If you own an empty property, you may think that there is an exemption to paying Council Tax.
Generally, that is not the case although there are some exceptions. A property is deemed unoccupied when it is nobody’s sole or main home (place of residence), so neither owner nor tenant are living there.
As a tax, it must be paid and the bill is the responsibility of the person, or people, living on the property. This may be either the owner of the property or the tenants if they are living in a privately rented or council property.
Some people will be able to get council tax discounts or exemptions, but this will vary from council to council. If you think you’re entitled to one, get in touch with the council of your area.
Building work: You may get an empty property discount, depending on the council, if your home is undergoing major repair work or structural changes. You may get Council Tax relief whilst the work is being undertaken, but when it is complete you will have to start paying council tax again.
Letting: By letting, you are able to avoid paying an empty house council tax premium, as the property will be occupied and the tenant in the property will be responsible for paying the Council Tax. It also brings in extra rental income from the tenant. How much council tax premium you pay will depend on how long the property has been empty. You can be charged up to four times your normal Council Tax bill if your home has been empty for 10 years or more.
Discounts: Some councils will offer a discount of up to 50 per cent if the house has been left ‘furnished’. However, if it is left ‘unfurnished’ it’s unlikely you will get any discount and, after two years, you will have to pay the empty house Council Tax premium. Where the property is unfurnished and empty [Rent Void] a landlord can claim Council Tax relief. If part or furnished, the person living there is liable to pay Council Tax.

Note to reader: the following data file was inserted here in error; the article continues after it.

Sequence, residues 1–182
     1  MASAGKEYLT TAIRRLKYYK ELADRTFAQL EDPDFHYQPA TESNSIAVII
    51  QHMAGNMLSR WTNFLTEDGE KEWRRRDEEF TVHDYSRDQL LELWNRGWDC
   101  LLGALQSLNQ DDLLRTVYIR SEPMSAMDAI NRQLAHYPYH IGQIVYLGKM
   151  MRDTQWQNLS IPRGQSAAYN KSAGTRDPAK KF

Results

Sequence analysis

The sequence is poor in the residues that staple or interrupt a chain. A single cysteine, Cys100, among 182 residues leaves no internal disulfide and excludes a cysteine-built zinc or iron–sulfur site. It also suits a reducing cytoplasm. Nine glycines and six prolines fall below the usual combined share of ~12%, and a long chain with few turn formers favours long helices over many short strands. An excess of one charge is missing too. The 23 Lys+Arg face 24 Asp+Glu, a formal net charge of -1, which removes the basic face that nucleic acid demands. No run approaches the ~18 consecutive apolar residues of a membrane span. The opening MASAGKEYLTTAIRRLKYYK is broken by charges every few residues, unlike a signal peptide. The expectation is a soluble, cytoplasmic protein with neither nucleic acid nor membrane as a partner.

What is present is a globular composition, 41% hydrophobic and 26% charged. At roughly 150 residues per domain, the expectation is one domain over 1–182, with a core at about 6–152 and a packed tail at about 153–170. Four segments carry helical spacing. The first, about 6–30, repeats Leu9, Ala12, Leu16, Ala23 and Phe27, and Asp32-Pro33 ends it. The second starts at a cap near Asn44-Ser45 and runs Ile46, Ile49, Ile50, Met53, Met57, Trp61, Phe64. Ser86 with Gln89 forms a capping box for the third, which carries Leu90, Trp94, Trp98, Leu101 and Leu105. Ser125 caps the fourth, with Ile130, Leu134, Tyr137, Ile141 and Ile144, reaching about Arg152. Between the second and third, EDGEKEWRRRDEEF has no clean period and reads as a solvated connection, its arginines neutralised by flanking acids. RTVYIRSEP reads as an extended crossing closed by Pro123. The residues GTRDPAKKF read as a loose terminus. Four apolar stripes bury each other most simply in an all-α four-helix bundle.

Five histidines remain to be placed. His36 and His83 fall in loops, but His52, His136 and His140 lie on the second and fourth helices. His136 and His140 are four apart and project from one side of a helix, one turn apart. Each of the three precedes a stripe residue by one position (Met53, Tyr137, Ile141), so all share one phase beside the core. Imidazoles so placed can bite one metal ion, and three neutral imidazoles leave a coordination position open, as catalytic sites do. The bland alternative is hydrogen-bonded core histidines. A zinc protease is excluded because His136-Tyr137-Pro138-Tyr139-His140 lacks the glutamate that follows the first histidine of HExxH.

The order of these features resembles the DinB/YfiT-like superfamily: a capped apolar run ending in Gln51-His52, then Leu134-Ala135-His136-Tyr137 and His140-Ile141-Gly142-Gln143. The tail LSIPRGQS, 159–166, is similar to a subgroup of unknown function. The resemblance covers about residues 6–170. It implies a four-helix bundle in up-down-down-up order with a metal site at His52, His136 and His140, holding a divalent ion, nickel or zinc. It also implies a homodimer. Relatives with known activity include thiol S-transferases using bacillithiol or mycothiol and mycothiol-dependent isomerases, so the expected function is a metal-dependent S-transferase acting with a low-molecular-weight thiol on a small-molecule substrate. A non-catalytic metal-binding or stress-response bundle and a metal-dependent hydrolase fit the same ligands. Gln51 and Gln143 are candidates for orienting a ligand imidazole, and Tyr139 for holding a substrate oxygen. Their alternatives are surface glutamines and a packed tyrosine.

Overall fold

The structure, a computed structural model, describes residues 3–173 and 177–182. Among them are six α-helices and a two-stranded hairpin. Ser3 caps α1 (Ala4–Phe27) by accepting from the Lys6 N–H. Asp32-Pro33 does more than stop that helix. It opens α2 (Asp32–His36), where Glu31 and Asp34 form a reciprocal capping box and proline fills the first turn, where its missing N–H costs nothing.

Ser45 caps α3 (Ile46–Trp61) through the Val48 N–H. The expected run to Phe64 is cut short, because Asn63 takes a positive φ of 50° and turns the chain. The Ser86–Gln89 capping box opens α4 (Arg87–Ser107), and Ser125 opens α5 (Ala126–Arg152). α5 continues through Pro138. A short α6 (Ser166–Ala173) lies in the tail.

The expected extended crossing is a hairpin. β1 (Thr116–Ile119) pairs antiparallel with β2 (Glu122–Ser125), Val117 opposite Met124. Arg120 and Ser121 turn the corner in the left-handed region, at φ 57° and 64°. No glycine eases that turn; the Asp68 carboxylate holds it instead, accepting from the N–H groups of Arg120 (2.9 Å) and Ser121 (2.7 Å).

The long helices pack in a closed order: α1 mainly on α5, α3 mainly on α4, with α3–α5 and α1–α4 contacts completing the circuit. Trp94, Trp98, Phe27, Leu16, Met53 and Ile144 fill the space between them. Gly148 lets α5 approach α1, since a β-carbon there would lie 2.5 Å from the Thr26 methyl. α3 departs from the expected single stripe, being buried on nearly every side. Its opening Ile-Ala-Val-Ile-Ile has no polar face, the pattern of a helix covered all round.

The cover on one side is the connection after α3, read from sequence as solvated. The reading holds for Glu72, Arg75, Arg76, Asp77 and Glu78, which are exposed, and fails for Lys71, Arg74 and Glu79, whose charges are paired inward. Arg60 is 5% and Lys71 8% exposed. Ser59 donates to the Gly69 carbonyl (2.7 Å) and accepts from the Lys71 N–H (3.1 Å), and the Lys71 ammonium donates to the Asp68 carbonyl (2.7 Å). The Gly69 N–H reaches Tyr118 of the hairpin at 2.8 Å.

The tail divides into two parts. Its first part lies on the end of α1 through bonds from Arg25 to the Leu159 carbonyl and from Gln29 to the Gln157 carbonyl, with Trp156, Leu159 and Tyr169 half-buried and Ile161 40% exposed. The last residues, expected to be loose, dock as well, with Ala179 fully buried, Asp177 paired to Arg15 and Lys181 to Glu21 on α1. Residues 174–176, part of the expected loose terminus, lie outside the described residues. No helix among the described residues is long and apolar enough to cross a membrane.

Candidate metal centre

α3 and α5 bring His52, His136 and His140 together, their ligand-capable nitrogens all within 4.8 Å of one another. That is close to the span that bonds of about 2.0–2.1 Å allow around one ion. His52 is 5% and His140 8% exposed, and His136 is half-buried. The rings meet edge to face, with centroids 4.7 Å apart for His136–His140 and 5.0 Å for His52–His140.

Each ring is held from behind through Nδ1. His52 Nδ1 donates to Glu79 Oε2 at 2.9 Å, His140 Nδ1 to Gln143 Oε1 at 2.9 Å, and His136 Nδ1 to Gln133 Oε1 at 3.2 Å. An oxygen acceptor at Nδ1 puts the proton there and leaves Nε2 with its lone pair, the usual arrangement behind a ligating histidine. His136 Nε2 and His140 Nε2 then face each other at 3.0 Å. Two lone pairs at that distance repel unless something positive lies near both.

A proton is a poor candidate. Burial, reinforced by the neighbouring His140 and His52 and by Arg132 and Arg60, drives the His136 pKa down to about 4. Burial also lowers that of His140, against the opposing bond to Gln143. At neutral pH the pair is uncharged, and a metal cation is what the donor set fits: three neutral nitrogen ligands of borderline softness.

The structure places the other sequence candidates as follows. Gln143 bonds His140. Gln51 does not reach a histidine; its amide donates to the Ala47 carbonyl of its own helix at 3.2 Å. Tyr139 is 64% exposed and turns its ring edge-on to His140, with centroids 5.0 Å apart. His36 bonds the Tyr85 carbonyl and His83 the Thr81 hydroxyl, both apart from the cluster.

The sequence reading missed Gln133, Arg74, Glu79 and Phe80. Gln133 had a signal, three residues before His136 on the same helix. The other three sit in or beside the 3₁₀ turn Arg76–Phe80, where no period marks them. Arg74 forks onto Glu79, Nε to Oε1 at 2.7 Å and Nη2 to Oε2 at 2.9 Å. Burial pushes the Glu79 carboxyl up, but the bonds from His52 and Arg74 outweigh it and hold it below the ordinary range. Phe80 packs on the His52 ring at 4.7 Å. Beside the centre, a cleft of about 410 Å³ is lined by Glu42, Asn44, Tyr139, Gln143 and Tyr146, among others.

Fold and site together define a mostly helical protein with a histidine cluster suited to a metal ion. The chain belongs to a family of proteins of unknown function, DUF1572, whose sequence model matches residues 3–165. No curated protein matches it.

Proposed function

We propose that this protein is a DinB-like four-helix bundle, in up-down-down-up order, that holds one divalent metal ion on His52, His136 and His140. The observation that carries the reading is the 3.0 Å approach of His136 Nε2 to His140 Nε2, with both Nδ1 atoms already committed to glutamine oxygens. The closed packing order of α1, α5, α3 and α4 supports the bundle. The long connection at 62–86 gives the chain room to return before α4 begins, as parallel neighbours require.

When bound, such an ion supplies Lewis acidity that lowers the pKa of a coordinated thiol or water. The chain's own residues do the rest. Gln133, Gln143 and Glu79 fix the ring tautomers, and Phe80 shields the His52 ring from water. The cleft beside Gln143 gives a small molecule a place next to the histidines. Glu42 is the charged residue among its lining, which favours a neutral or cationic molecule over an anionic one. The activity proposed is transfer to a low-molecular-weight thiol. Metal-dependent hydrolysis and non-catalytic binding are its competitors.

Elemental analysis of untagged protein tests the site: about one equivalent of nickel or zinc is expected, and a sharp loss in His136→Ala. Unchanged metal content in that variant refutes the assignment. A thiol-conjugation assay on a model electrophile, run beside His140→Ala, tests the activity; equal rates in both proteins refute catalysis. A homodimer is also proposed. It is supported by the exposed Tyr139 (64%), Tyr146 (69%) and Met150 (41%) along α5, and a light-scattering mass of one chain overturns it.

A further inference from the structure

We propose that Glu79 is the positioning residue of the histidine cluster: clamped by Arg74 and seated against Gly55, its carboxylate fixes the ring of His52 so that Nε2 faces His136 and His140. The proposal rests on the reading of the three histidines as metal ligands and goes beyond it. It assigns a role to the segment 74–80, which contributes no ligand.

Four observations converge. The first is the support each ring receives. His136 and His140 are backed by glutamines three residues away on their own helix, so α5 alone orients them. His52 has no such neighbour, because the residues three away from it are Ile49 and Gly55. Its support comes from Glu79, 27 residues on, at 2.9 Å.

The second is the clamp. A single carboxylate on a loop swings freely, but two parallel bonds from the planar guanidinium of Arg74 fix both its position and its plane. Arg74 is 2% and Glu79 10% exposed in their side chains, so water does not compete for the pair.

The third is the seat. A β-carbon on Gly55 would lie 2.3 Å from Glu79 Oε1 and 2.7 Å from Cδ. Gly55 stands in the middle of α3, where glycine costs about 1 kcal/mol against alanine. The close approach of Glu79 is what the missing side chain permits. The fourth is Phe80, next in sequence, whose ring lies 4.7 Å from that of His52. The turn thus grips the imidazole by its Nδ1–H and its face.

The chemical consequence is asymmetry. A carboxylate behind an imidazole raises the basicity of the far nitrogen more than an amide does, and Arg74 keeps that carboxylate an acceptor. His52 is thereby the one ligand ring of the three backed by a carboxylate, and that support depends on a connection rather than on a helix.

Exceptions: Some homes do not get a Council Tax bill for as long as they stay empty. They include someone who’s moved into a care home or hospital. The exemption will end if the property is occupied by another person but will apply again when that person leaves, as long as the owner or tenant is still resident in the care home, and it has remained their main place of residence since leaving.
Exemptions or discounts may also apply if:
- A person in prison (except for not paying a fine for Council Tax)
- A home that has been repossessed
- A dwelling that cannot be lived in by law, for example, if they’re derelict
- A home that is empty because it has been compulsorily purchased and will be demolished
There are various things that you need to consider buying a home, whether it is for your own family or your property portfolio.
Council tax can be one of a number of bugbears that you face but let us handle your legal enquiries, so it is one less thing to worry about.
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